I have been struggling with excessive symptoms of debilitating fatigue, weight gain, burning sensation down my left side and generally feeling so bad I don't leave the house for the last two years. I have a diagnosis of Hashimoto disease, severe low growth hormone deficiency in two of the three tests, the third test showed above the cut off for treatment. My latest blood test results are as follows. TSH 0.69 ( 0.27 - 4.20) T4 12.8 ( 11.00 - 25.00) T3 test refused although I had it tested at hospital a few months ago and showed T3 4.1 ( 3.1 - 6.8) TSH 2.31 T4 13.5. I was then taking Levothyroxine 75mg and have had it increased to 100mg. My question is do I need to privately source T3? I have been taking a lot of recommended supplements but still don't feel well enough to get back to work which is putting pressure on my marriage. B12 is in the mid range, Ferritin 177 ( 15 - 300) Any advice would be greatly appreciated.
Advice on blood test results, low TSH, low T4. - Thyroid UK
I don't think you need T3, you seem to be converting very well. It's just that you don't have enough T4 to convert. You need an increase in dose.
Are you on strictly gluten free diet or tried it? Many of us with Hashimoto's find it helps or is essential
Have you had vitamin D and folate tested
Low vitamin D strongly linked to autoimmune disease
Ferritin is ok
B12 needs to be towards top of range.
Get others tested too
For full Thyroid evaluation you need TSH, FT4, TT4, FT3 plus TPO and TG thyroid antibodies.
Plus very important to test vitamin D, folate, ferritin and B12
Private tests are available. Thousands on here forced to do this as NHS often refuses to test FT3 or vitamins
Medichecks Thyroid plus ultra vitamin or Blue Horizon Thyroid plus eleven are the most popular choice. DIY finger prick test or option to pay extra for private blood draw. Both companies often have money off offers.
All thyroid tests should ideally be done as early as possible in morning and fasting. If on Levothyroxine, don't take in the 24 hours prior to test, delay and take straight after.This gives highest TSH, lowest FT4 and most consistent results. (Patient to patient tip, GP will be unaware)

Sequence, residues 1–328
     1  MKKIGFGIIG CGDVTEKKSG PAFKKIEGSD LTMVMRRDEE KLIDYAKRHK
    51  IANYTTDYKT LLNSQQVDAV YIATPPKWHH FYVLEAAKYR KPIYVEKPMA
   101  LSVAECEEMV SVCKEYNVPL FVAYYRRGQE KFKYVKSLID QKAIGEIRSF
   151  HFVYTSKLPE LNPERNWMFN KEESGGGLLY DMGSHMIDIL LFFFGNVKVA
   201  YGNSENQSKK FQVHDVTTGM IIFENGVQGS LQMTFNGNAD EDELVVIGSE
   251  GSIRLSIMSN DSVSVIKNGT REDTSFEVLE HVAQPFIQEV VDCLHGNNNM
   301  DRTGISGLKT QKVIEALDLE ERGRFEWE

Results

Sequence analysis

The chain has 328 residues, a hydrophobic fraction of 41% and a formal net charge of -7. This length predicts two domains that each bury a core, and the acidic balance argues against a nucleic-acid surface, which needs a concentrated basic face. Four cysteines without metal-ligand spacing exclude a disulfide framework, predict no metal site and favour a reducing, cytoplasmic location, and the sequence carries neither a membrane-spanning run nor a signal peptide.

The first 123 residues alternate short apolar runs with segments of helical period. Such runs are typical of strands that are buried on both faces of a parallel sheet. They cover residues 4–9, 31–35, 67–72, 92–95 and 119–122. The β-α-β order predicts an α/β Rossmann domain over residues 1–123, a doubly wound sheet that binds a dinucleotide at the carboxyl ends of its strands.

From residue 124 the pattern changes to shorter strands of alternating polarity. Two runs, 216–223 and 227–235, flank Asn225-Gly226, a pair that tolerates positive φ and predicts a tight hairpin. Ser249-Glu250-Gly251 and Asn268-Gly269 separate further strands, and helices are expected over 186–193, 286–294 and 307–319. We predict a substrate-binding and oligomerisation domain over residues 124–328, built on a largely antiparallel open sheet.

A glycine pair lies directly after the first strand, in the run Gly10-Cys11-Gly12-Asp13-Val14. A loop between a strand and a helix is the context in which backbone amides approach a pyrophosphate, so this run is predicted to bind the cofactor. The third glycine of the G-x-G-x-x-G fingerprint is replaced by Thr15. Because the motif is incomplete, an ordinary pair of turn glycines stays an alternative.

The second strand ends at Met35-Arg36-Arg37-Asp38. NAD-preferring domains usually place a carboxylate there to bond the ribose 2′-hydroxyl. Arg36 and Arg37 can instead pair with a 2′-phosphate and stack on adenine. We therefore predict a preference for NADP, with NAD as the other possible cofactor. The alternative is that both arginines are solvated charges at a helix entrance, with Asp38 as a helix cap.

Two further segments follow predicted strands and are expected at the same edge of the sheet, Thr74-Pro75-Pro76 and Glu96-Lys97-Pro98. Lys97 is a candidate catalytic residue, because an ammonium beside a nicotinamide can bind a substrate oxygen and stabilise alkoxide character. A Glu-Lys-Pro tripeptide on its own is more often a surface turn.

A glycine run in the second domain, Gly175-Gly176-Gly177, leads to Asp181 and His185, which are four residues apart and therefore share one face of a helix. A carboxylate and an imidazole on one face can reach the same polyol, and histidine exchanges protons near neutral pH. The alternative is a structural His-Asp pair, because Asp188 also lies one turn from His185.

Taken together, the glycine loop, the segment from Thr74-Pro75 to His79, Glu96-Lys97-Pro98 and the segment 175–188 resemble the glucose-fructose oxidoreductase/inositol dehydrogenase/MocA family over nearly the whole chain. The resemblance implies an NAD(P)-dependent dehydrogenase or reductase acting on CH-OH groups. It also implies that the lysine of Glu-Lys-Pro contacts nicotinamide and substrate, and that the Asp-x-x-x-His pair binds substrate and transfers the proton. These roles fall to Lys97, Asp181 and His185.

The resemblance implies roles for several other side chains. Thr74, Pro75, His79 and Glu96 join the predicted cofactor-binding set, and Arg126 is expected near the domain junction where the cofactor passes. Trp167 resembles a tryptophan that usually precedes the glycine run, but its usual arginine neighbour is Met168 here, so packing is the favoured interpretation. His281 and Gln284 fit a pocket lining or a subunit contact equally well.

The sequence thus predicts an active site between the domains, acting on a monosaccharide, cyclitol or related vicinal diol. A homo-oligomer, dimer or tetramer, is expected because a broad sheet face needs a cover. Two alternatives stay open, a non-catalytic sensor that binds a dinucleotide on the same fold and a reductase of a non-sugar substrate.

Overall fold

Your levels should have been retested 6-8 weeks after last dose increase. If not been done ask GP to test these plus vitamin D, folate and coeliac blood test too if not already gluten free
Dr Toft, past president of the British Thyroid Association and leading endocrinologist, states in Pulse Magazine,
"The appropriate dose of levothyroxine is that which restores euthyroidism and serum TSH to the lower part of the reference range - 0.2-0.5mU/l.
In this case, free thyroxine is likely to be in the upper part of its reference range or even slightly elevated – 18-22pmol/l.
Most patients will feel well in that circumstance. But some need a higher dose of levothyroxine to suppress serum TSH and then the serum-free T4 concentration will be elevated at around 24-28pmol/l.
This 'exogenous subclinical hyperthyroidism' is not dangerous as long as serum T3 is unequivocally normal – that is, serum total around T3 1.7nmol/l (reference range 1.0-2.2nmol/l)."
You can obtain a copy of the articles from Thyroid UK email print it and highlight question 6 to show your doctor please email Dionne at
You have been so helpful thank you. My GP has agreed to increase Leno to 150mg fingers crossed I will get my life back!
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